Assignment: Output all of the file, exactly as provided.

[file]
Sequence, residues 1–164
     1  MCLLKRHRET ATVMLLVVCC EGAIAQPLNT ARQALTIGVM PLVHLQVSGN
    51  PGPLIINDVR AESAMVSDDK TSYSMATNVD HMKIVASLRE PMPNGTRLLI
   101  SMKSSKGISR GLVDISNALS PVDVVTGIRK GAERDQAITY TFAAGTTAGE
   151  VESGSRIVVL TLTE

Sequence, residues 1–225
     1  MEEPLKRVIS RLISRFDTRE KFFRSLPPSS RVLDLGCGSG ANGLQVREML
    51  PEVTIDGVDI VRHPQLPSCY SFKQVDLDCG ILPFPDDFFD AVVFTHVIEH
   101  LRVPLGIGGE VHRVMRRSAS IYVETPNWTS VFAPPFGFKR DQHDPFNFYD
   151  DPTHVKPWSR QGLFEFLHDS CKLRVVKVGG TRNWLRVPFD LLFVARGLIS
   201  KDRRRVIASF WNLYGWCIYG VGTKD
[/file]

Sequence, residues 1–164
     1  MCLLKRHRET ATVMLLVVCC EGAIAQPLNT ARQALTIGVM PLVHLQVSGN
    51  PGPLIINDVR AESAMVSDDK TSYSMATNVD HMKIVASLRE PMPNGTRLLI
   101  SMKSSKGISR GLVDISNALS PVDVVTGIRK GAERDQAITY TFAAGTTAGE
   151  VESGSRIVVL TLTE

Sequence, residues 1–225
     1  MEEPLKRVIS RLISRFDTRE KFFRSLPPSS RVLDLGCGSG ANGLQVREML
    51  PEVTIDGVDI VRHPQLPSCY SFKQVDLDCG ILPFPDDFFD AVVFTHVIEH
   101  LRVPLGIGGE VHRVMRRSAS IYVETPNWTS VFAPPFGFKR DQHDPFNFYD
   151  DPTHVKPWSR QGLFEFLHDS CKLRVVKVGG TRNWLRVPFD LLFVARGLIS
   201  KDRRRVIASF WNLYGWCIYG VGTKD